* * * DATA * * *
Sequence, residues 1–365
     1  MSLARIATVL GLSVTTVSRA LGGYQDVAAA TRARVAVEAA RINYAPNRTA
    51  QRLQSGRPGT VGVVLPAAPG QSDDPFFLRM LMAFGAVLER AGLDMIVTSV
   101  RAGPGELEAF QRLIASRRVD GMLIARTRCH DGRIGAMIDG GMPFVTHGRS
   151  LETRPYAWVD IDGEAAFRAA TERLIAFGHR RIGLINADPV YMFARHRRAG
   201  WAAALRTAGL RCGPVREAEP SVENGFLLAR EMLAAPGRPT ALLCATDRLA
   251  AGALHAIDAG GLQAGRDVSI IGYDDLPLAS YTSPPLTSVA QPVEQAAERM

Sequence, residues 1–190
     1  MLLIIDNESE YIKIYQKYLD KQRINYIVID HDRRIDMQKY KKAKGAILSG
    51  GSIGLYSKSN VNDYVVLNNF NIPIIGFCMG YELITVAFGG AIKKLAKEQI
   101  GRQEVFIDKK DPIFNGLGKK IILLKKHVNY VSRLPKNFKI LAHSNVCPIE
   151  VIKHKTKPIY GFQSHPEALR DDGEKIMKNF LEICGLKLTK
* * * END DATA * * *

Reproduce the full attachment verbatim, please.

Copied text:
Sequence, residues 1–365
     1  MSLARIATVL GLSVTTVSRA LGGYQDVAAA TRARVAVEAA RINYAPNRTA
    51  QRLQSGRPGT VGVVLPAAPG QSDDPFFLRM LMAFGAVLER AGLDMIVTSV
   101  RAGPGELEAF QRLIASRRVD GMLIARTRCH DGRIGAMIDG GMPFVTHGRS
   151  LETRPYAWVD IDGEAAFRAA TERLIAFGHR RIGLINADPV YMFARHRRAG
   201  WAAALRTAGL RCGPVREAEP SVENGFLLAR EMLAAPGRPT ALLCATDRLA
   251  AGALHAIDAG GLQAGRDVSI IGYDDLPLAS YTSPPLTSVA QPVEQAAERM

Sequence, residues 1–190
     1  MLLIIDNESE YIKIYQKYLD KQRINYIVID HDRRIDMQKY KKAKGAILSG
    51  GSIGLYSKSN VNDYVVLNNF NIPIIGFCMG YELITVAFGG AIKKLAKEQI
   101  GRQEVFIDKK DPIFNGLGKK IILLKKHVNY VSRLPKNFKI LAHSNVCPIE
   151  VIKHKTKPIY GFQSHPEALR DDGEKIMKNF LEICGLKLTK